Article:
This week’s update on the progress of excavation group three comes courtesy of ANTH60a student, Erik Howden. Erik is a Brandeis University undergraduate student majoring in Anthropology.
Things were really heating up on Day 3 of our excavation of the McGrath Farm site when scorching ground and bright sunny skies greeted our arrival at our old test pits in Operation 1, now stripped of topsoil. While the group at Operation 3 back towards the river had some dappled shade as they finally laid out their test pits after working so hard to clear the area of debris, those of us over in Operation 1 squinted at the ground as we troweled our way down past the topsoil and into the next layer of more artifact rich dirt. My group was among those chosen to excavate the site attributed to an old bunkhouse in the front yard and, unlike the other two test pits whose next layer remained similar to the topsoil above, we found that the ground below our feet changed almost immediately to a lighter colored and gravellier rocky soil. This was exciting for my team because not only did it make sifting through soil that much easier without nearly as many roots, but it eased our worries that we wouldn’t be able to identify the start of our next layer by any change in soil. This different color soil matches closely with what we saw on the surface of the sight, where fewer plants grew on the rising mound that our group was digging on and less plant material was then deposited back into the ground.
Moving our way through this second layer our group mostly found rocks and the occasional piece of charcoal until a sudden glint of white caught my attention against the back of one of my teammates trowels. We rushed back to see what the piece was an identified it as a beautiful piece of bright white porcelain, the design on the molded edges catching in the sunlight. Looking excitedly at our first inorganic find at the site, we identified the artifact as a porcelain shard by looking at the broken side of the fragment and recognizing both the sharp edges and how the bluish-white color of the fabric, or interior body of the pottery, was uniform throughout the shard because of the high temperatures that porcelain is fired at.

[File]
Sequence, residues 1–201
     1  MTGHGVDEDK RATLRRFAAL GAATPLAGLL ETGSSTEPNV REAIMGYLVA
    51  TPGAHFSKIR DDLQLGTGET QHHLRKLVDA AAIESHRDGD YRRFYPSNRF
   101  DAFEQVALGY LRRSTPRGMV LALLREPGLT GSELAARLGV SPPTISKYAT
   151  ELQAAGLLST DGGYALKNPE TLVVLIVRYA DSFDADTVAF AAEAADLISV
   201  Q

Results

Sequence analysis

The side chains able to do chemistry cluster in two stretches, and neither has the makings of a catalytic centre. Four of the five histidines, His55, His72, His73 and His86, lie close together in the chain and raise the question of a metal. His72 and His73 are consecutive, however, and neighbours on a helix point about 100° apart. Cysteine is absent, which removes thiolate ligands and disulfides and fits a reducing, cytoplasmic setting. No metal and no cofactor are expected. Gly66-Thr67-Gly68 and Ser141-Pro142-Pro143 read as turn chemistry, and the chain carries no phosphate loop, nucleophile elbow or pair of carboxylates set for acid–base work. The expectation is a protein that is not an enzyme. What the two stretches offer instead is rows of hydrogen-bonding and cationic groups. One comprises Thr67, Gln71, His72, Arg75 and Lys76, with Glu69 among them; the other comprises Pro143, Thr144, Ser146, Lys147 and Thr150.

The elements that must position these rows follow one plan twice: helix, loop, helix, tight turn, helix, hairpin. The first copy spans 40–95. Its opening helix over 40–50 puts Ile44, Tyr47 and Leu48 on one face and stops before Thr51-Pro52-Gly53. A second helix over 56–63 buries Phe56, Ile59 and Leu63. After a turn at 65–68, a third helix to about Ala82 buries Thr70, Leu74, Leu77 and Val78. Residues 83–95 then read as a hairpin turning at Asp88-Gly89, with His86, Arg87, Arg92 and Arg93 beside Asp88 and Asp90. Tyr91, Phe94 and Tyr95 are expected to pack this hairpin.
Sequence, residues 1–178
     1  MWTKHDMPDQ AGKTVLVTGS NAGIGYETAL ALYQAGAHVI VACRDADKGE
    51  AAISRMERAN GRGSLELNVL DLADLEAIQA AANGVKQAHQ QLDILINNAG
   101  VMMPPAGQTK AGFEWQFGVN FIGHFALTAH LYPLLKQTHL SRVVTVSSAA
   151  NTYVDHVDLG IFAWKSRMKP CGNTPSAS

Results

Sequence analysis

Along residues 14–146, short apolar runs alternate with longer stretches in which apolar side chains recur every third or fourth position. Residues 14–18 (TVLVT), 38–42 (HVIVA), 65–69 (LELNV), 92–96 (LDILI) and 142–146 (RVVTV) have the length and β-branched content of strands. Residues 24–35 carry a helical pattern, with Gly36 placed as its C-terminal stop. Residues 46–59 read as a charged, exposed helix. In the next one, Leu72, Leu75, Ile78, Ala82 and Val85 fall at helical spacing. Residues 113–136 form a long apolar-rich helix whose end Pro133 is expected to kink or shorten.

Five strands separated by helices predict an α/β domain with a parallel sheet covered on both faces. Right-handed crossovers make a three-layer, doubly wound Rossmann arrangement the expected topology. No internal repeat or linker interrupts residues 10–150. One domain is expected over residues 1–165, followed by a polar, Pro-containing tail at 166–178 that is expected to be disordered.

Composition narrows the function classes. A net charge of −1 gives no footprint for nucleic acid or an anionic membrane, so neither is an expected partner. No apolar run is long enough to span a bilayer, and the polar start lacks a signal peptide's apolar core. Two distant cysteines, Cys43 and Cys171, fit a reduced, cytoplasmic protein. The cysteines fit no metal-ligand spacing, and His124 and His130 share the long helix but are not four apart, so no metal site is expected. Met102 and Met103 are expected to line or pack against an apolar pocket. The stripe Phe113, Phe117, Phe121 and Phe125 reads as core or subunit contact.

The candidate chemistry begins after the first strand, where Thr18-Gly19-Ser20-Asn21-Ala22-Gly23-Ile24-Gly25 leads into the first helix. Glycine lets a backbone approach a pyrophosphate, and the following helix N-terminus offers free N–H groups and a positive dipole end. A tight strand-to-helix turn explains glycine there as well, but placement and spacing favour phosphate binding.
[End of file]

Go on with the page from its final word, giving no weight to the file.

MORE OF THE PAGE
Once our group had our hands on this first exciting find, we were hooked on digging for more. Moving our way further along to even rockier dirt, our first chance to sift through our buckets of soil began turning up our first heavily corroded pieces of iron and some iron nails. These small nails held our attention as we checked every twig we found to make sure it was not some small nail in disguise. The other constant in our layer of soil was a heavy concentration of small pieces of charcoal that could have come from some sort of fire or might have acted as a potential heat source in the bunkhouse.
Just as we were finishing up with our first bucket, Professor Parno comes up to our team with a rusted chunk of metal that he said that he had pulled out of our site right underneath where we had left off digging along the northwest edge of our pit. All jealousies aside, our team turned our attention to the artifact and identified the shape of the metal as a set of iron chain links, one linked to the other, that may come from old farming tools or have held something in the bunkhouse in place. These iron chains sparked such interest because most other metal artifacts larger than a nail that we have come across are largely unidentifiable because of the heavy corrosion on their bodies. While each of the other two groups joining us in Operation 1 were discussing the pieces of glass, one embossed and clear and the other green but un-embossed, that each of them had respectively found, our group contented itself with our porcelain find and all of the metal artifacts we pulled out of the ground. It remains to be seen why our test pit differs so strongly in its contents from the other two test pits we must hold constant vigilance in relation to each other as we figure out how these differences relate to the bunkhouse that once stood here.